Hey nerdboy, you suck! A brief consideration of laptop gigs.

Monday 31 August 2015

(The original version of this text was written for the Collected Collaborations show at Monash University Museum of Art in 2011.)

First, I want to thank whoever it was who once perfectly described laptop performers as having the stage presence of “bored men checking their email”. This is one of the more important reasons why I avoided giving live performances with computers for many years.

Of course, with most experimental musicians being awkward, poorly-socialised geek boys, your typical underground new music gig wasn’t much livelier before computers became affordable, but at least the equipment available at the time enforced a certain minimum of onstage activity.

The role and aesthetics of the theatrical (but not dramatic) element of new music performance don’t get discussed much. I was once on a panel talk with several other experimental musicians, which drifted onto this topic and stayed there for the rest of the session. Nothing much was agreed, except that there are no real models to work from, and everyone has to pretty much work out their own methods for themselves. And, more importantly, that VJs are a blight upon the earth.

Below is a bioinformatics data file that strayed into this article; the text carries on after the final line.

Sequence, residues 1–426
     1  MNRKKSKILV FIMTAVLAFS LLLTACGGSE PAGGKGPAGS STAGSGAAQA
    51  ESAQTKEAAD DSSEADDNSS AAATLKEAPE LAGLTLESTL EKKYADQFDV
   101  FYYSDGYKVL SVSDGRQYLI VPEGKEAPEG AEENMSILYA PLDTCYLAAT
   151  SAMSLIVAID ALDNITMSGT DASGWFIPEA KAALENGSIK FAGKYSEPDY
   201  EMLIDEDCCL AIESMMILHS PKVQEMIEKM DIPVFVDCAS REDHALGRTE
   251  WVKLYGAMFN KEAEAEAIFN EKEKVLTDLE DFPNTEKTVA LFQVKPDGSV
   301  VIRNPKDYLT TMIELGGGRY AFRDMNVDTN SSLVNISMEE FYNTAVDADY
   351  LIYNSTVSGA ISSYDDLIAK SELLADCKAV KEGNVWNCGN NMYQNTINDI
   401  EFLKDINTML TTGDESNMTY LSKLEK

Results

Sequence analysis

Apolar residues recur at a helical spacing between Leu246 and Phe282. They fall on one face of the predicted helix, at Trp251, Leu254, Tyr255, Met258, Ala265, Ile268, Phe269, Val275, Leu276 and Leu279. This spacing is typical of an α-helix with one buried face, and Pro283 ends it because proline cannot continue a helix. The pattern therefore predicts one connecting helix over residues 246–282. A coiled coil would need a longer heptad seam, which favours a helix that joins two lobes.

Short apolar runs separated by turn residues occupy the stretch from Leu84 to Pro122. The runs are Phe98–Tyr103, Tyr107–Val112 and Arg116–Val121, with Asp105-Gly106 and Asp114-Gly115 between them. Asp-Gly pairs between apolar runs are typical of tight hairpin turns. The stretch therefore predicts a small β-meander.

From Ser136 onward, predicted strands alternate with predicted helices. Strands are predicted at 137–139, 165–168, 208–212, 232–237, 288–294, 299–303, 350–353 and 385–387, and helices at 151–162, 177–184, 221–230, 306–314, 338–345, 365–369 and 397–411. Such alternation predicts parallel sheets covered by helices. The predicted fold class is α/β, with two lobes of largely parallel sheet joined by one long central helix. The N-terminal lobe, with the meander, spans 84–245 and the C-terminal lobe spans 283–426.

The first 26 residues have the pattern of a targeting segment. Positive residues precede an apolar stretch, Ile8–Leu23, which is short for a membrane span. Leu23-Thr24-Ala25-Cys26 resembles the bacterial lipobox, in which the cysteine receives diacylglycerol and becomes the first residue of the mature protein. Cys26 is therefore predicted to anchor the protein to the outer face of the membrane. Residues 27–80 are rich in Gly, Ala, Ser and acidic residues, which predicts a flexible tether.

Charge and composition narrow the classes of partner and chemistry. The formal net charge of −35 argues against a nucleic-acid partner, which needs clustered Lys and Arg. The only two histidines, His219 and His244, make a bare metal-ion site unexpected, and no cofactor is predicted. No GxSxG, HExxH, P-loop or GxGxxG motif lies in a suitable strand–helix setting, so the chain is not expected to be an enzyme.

What was most interesting to learn was that so many musicians, even though you wouldn’t think it to watch them, are conscious of the visual aspect of their gigs. They may also, however, be at a loss as to what they can do to help it.

Is there a way to be theatrically engaging while using a laptop? I don’t necessarily mean flailing or histrionics, I’m talking about the performer affirming a physical presence in relation to the audience.

String Quartet No. 2 (Canon in Beta) was the first piece I performed live on a laptop computer. My gestures in playing this piece emphasised how little movement or exertion is needed to play on a computer, moving attention instead to concentration and decisiveness. Since then, I’ve treated the computer as a “black box” which performs autonomously. My contribution as a performer is through an analogue component of the performance setup.

I’m now learning to use a MIDI controller to have some input with this autonomous, computerised system. The trick is for me to make it a reactive interface: instead of determining the attributes of the music, I can only respond to situations presented by the computer. The intention is to make the performer’s role closer to that of a listener.

There is also the question of how the performer may interact with the controls. This is a major consideration for Tom Mudd’s Control installation, to which I have contributed a composition and which opens next week. I’ll talk about this issue in my next post.